|Acland, Francis Dyke||Boland, John||Campbell-Bannerman, Sir H.|
|Adkins, W. Ryland D.||Bottomley, Horatio||Carr-Gomm, H. W.|
|Agnew, George William||Brace, William||Chance, Frederick William|
|Ainsworth, John Stirling||Bramsdon, T. A.||Cheetham, John Frederick|
|Alden, Percy||Brigg, John||Cherry, Rt. Hon. R. R.|
|Asquith,Rt.Hn. Herbert Henry||Bright, J. A.||Clough, W.|
|Atherley-Jones, L.||Brooke, Stopford||Coats, SirT.Glen (Renfrew,W.)|
|Baker, Sir John (Portsmouth)||Brunner, J. F. L. (Lanes. Leigh||Cobbold, Felix Thornley|
|Baring, Godfrey (Isle of Wight||Bryce, Rt.Hn.James(Aberdeen||Corbett,C.H.(SussexE.Grinst'd|
|Barlow, Percy (Bedford)||Bryce, J. A. (Inverness Burghs)||Cotton, Sir H. J. S.|
|Barnard, E. B.||Buchanan, Thos. Ryburn||Cowan, W. H.|
|Beauchamp, E.||Burke, E. Haviland-||Cox, Harold|
|Beaumont, W. C. B. (Hexham)||Burns, Rt. Hon. John||Craig, Herbert J. (Tynemouth)|
|Bellairs, Carlyon||Buxton, Rt. Hn. Sydney Chas.||Crombie, John William|
|Billson, Alfred||Byles, William Pollard||Crossley, William J.|
|Davies, Ellis William (Eifion)||King, Alfred John (Knutsford)||Richards, Thos. (W. Momn'th|
|Davies, W. Howell (Bristol, S.)||Kitson, Sir James||Richards, T. F.(Wolverh'mpt'n|
|Delany, William||Laidlaw, Robert||Richardson, A.|
|Dewar, Arthur (Edinburgh, S.)||Lamb, Edmund G. (Leominster||Ridsdale, E. A.|
|Dewar, John A. (Inverness-sh.)||Lamont, Norman||Roberts, G. H. (Norwich)|
|Dickson-Poynder, Sir John P.||Leese,Sir JosephF.(Accrington)||Robertson, Rt.Hn.E.(Dundee)|
|Dilke, Rt, Hon. Sir Charles||Lehmann, R. C.||Robertson,Sir G.Scott(Bradf'rd|
|Donelan, Captain A.||Lever,A.Levy (Essex,Harwich)||Robertson, J. M. (Tyneside)|
|Duffy, William J.||Levy, Maurice||Robinson, S.|
|Dunn, A. Edward (Camborne)||Lewis, John Herbert||Rogers, F. E. Newman|
|Edwards, Enoch (Hanley)||Lough, Thomas||Runciman, Walter|
|Elibank, Master of||Lundon, W.||Rutherford, V. H. (Brentford)|
|Ellis, Rt. Hon. John Edward||Lyell, Charles Henry||Samuel, Herbert L. (Cleveland)|
|Erskine, David C.||Macdonald, J.M.(Falkirk B'ghs||Scott,A.H.(Ashton-under-Lyne|
|Esmonde, Sir Thomas||Mackarness, Frederic C.||Sears, J. E.|
|Everett, B. Lacey||Maclean, Donald||Seely, Major J. B.|
|Faber, G. H. (Boston)||Macnamara, Dr. Thomas J.||Shackleton, David James|
|Ferens, T. R.||MacVeagh, Jeremiah (Down, S.||Shaw, Rt. Hon. T. (Hawick B)|
|Field, William||MacVeigh, Charles(Donegal, E.||Shipman, Dr. John G.|
|Fowler, Rt. Hon. Sir Henry||M'Callum, John M.||Silcock, Thomas Ball|
|Fuller, John Michael F.||M'Crae, George||Sinclair, Rt. Hon. John|
|Fullerton, Hugh||M'Hugh Patrick A.||Sloan, Thomas Henry|
|Gill, A. H.||M'Killop, W.||Smeaton, Donald Mackenzie|
|Gladstone,Rt.Hn.HerbertJohn||M'Micking, Major G.||Snowdon, P.|
|Glover, Thomas||Maddison, Frederick||Soares, Ernest J.|
|Goddard, Daniel Ford||Manfield, Harry (Northants)||Stewart, Halley (Greenock)|
|Grant, Corrie||Markham, Arthur Basil||Strachey, Sir Edward|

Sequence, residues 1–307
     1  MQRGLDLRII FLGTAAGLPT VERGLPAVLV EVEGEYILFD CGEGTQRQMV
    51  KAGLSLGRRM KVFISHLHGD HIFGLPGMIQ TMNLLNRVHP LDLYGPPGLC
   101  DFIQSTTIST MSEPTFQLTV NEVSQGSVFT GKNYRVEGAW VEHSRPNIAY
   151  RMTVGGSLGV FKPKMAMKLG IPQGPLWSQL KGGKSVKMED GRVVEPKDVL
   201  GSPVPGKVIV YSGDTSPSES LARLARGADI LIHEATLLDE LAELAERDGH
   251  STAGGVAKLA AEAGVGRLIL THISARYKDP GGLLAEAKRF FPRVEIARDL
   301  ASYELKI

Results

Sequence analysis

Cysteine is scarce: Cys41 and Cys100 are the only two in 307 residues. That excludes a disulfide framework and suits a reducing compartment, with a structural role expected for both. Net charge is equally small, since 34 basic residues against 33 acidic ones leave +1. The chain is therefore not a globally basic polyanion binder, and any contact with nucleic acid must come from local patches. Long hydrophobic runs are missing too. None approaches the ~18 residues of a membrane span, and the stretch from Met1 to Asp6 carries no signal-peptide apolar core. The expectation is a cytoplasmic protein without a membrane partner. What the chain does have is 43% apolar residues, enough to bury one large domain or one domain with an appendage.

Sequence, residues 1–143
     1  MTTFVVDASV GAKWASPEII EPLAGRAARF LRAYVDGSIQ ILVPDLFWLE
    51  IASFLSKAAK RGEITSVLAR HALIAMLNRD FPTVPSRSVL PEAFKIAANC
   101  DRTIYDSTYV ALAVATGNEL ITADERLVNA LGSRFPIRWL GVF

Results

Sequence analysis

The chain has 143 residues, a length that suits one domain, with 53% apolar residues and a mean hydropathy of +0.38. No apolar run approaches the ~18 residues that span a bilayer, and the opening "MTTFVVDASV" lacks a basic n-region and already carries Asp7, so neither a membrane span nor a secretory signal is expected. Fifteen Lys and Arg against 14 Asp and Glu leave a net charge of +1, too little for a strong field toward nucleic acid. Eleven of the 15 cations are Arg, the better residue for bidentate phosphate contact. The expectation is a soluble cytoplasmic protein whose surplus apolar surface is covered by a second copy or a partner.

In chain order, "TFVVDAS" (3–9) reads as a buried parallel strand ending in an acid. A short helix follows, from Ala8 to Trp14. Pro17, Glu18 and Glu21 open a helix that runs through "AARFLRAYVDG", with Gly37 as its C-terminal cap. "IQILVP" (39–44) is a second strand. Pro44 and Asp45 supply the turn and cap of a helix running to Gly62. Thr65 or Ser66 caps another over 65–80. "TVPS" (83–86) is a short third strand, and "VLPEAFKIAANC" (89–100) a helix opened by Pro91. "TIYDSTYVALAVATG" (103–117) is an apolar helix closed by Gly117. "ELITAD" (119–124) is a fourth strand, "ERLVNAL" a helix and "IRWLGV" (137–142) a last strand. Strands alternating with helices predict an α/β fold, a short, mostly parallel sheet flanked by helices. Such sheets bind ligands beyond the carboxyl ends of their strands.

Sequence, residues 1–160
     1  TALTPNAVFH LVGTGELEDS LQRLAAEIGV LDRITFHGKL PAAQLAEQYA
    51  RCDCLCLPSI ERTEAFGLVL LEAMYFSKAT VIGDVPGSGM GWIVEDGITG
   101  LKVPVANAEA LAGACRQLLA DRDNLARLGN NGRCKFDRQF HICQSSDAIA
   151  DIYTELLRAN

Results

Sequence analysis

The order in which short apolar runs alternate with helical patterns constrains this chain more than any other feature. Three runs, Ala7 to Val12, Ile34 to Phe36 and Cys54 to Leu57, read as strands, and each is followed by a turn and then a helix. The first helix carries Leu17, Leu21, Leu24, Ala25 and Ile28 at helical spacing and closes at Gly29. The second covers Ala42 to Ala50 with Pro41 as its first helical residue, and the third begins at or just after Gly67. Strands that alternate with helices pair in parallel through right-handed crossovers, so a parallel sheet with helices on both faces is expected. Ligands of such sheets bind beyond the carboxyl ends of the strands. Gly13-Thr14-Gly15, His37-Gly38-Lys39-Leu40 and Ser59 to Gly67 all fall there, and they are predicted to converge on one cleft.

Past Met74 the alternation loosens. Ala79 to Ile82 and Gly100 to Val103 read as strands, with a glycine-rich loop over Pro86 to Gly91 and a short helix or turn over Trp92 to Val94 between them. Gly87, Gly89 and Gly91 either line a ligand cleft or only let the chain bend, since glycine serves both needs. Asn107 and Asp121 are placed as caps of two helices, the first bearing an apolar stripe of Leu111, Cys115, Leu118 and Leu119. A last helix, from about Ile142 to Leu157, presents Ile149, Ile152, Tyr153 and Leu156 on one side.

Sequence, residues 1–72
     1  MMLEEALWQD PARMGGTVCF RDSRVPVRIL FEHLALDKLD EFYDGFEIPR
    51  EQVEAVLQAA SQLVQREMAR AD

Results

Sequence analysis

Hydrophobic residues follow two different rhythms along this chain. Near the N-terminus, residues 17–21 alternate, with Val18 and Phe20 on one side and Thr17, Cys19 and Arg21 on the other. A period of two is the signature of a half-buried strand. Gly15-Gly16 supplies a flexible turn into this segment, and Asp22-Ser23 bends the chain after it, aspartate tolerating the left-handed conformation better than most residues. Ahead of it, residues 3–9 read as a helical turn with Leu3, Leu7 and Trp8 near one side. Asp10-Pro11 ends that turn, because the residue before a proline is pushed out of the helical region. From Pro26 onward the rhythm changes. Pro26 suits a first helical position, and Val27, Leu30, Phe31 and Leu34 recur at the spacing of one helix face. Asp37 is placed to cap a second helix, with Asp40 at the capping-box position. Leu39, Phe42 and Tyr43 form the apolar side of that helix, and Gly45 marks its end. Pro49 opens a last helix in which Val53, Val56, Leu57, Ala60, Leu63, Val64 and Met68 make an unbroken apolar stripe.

|Greenwood, G. (Peterborough)||Marnham, F. J.||Stuart, James (Sunderland)|
|Gulland, John W.||Massie, J.||Sullivan, Donal|
|Gurdon, Sir W. Brampton||Meagher, Michael||Summerbell, T.|
|Haldane, Rt. Hon. Richard B.||Menzies, Walter||Taylor, Austin (East Toxteth)|
|Hall, Frederick||Molteno, Percy Alport||Taylor, John W. (Durham)|
|Harcourt, Right Hon. Lewis||Money, L. G. Chiozza||Taylor, Theodore C. (Radcliffe)|
|Hardie.J. Keir(Merthyr Tydvil||Montagu, E. S.||Thomas,David Alfred (Merthyr|
|Hardy, George A. (Suffolk)||Mooney, J. J.||Thorne, William|
|Hart-Davies, T.||Morrell, Philip||Trevelyan, Charles Philips|
|Harvey, A. G. C. (Rochdale)||Morse, L. L.||Verney, F. W.|
|Harwood, George||Morton, Alpheus Cleophas||Vivian, Henry|
|Haslam, James (Derbyshire)||Murnaghan, George||Wadsworth, J.|
|Haslam, Lewis (Monmouth)||Murray, James||Waldron, Laurence Ambrose|
|Haworth, Arthur A.||Myer, Horatio||Walker, H. De R. (Leicester)|
|Hazel. Dr.A. E.||Nicholls, George||Wallace, Robert|
|Hedges, A. Paget||Nicholson, Chas. N. (Doncast'r||Walton, Joseph (Barnsley)|
|Henderson, Arthur (Durham)||Nolan, Joseph||Ward,John (Stoke-upon-Trent)|
|Henry, Charles S.||Norton, Capt. Cecil William||Ward, W. Dudley(Southamp'n|
|Higham, John Sharp||Nussey, Thomas Willans||Warner, Thomas Courtenay T.|
|Hodge, John||Nuttall, Harry||Wason, Eugene (Clackmannan)|
|Hooper, A. G.||O'Brien, Patrick (Kilkenny)||Wason,John Cathcart (Orkney)|
|Hope, John Deans (Fife, West)||O'Shaughnessy, P. J.||Waterlow, D. S.|
|Hope,W. Bateman(Somerset,N||Parker, James (Halifax)||White, J. D. (Dumbartonshire)|
|Hudson, Walter||Partington, Oswald||White, Luke (York, E.R.)|
|Hutton, Alfred Eddison||Paul, Herbert||Whitehead, Rowland|
|Idris, T. H. W.f||Pearce, William (Limehouse)||Whitley, J. H. (Halifax)|
|Jacoby, James Alfred||Philipps, Owen C. (Pembroke)||Wilkie, Alexander|
|Jardine, Sir J.||Pollard, Dr.||Williams, J. (Glamorgan)|
|Jenkins, J.||Price,C. E.(Edinburgh, Central||Williams, Osmond (Merioneth)|
|Johnson, W. (Nuneaton)||Radford, G. H.||Wilson, Henry J. (York, W.R.)|
|Jones, Leif (Appleby)||Rainy, A. Rolland||Wilson, John (Durham, Mid)|
|Jones, William (Carnarvonshire||Raphael, Herbert H.||Wilson, P. W. (St. Pancras, S.)|
|Jowett, F. W.||Rea, Walter Russell (Scarboro'|
|Joyce, Michael||Redmond, John E. (Waterford)||TELLERS FOR THE NOES—Mr. Whiteley and Mr. J. A. Pease.|
|Kearley, Hudson E.||Rees, J. D.|
|Kekewich, Sir George||Rendall, Athelstan|
§ MR. LANE-FOX (Yorkshire, W.R., Barkston Ash)